There were only two Menendez brothers’ trials. The first began on July 20, 1993, and ended on January 28, 1994. Although it was a single trial, two juries were seated, one to determine the guilt or innocence of older brother Lyle, the other to judge the guilt or innocence of younger brother Erik. Both juries hung and the trial judge, Stanley Weisberg, declared a mistrial in each case. The second trial began on August 23, 1995, and ended on March 20, 1996. That trial had a single jury which found both brothers guilty and Weisberg sentenced them both to life in prison without possibility of parole.

I attended, handled media issues and interfaced with the judge on both trials.

Less offending but confusing is the sentence in The Hollywood Reporter theis “Like the Simpson trial, the Menendez brothers trial became an early hit for then-burgeoning cable channel CourtTV.” The reason it’s confusing is because it doesn’t specify which Menendez trial “became an early hit for … CourtTV.” What does that matter? CourtTV televised only the first Menendez trial. Weisberg didn’t allow a TV camera in the courtroom during the second one. Because of that ban broadcasters debated how extensively to cover it. The second Menendez trial definitely wasn’t key to CourtTV making its bones.


Forrest Gumpish Me

I felt so Gumpish yesterday.

The Milwaukee Green Sheet “Blasts from the Past” had an item from 1979 about Iranian Ayatollah Ruhollah Khomeini receiving “a tumultuous welcome in Tehran as he ended nearly 15 years of exile.” My children and I had just been evacuated from Tehran the month before with what we could carry in a few suitcases as the Islamic Revolution became chaotic in Iran, and my husband was still there with no indication that he was going to get out.

An interview on NPR with TV critic Eric Deggens about “The People vs. O.J. Simpson” miniseries scheduled to debut on FX last night included mention of the Rodney King-beating trial verdicts and resulting L.A. riots threw me back to all of those events.

When Rodney King was stopped by law enforcement for a malfunctioning taillight and beaten, I was city editor at the Pasadena Star News with a coverage area that included King’s hometown of Altadena. I had moved to my position as Los Angeles courts public information officer just three months before four L.A.P.D. officers stood trial for beating King. That trial was a real baptism by fire! But not nearly as hot as the subsequent riots during which I was one of the few people to keep showing up for work every day at the downtown County Courthouse.

And, of course, the accusation and subsequent trial of O.J. Simpson for murdering his ex-wife practically consumed my life for more than a year and a half in 1994 and 1995, which is now the foundation of the TV drama “The People vs. O.J. Simpson.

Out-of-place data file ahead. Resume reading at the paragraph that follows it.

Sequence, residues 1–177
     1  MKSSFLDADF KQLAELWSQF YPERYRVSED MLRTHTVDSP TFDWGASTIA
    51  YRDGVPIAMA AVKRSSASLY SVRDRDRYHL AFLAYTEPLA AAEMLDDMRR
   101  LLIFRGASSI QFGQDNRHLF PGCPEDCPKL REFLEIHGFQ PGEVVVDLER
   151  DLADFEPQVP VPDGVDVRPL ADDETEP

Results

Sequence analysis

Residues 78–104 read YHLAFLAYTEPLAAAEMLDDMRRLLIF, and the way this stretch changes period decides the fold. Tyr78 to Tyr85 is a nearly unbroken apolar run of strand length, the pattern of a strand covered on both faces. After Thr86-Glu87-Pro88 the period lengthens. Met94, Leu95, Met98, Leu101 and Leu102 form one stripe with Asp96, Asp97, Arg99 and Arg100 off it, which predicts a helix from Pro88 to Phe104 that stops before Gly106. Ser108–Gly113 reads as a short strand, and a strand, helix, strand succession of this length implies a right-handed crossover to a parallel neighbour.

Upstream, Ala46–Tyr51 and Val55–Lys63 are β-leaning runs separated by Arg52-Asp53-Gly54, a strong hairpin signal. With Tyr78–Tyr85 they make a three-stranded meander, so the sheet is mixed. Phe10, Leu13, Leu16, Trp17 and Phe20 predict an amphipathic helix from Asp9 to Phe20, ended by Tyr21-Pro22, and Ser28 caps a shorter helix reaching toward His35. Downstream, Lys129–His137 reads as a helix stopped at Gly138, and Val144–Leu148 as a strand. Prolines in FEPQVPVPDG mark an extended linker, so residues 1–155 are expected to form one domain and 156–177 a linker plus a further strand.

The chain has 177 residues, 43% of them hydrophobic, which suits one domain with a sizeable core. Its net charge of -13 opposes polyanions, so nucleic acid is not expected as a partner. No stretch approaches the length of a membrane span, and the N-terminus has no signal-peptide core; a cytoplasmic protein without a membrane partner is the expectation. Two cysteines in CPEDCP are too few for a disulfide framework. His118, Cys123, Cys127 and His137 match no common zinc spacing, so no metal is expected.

I have to say the Simpson case practically consumed my life, because sandwiched between court sessions, dealing with related media issues and meeting with the trial judge, Lance Ito, were the Hollywood Madam Heidi Fleiss case and preparations for the Menendez brothers retrial.

Feeling Gumpish comes over me at other times of the year, too, such as during the Tournament of Roses Parade in Pasadena, in which I drove a float one year and… and…

Oh, well, that’s enough for now. Sorry to get carried away.



Famous Reporter Many Never Heard Of

Accolades aplenty are rolling in for one of the best in journalism who is retiring with a 48-year career to her credit. She not only deserves all of them. She deserves more.

Yet, even though she not only wrote more stories than most journalists and her stories were no doubt read by more newspaper readers around the world than any other reporter of our times, Linda Deutsch Linda Deutsch is not a household name outside the worlds of journalism and the legal system. That’s because she worked for The Associated Press and even though AP credit appeared on her stories that newspapers published, more often than not Linda’s name didn’t.

Linda first entered my world more than two decades ago when I was a seasoned reporter-turned novice court information officer, on the job with the Los Angeles Superior Court for just three months when the Rodney King-beating trial began.

To my great fortune, Linda was tolerant and forgiving of my wet-behind-the-ears efforts to be a competent liaison between the Court and the news media. For the next decade, from Rodney King through Menendez brothers, Heidi Fleiss, O. J. Simpson and a host of other high profile trials that proliferated in the Los Angeles courts, I came to respect and even admire her objectivity, professionalism, tenacity in her reporting and for being an unparalleled champion of the First Amendment’s free press rights. After I left the court we stayed in touch and I was fortunate enough to be counted among her legions of good friends. Linda has more friends and the unique ability to make each one of us feel special than anyone I know.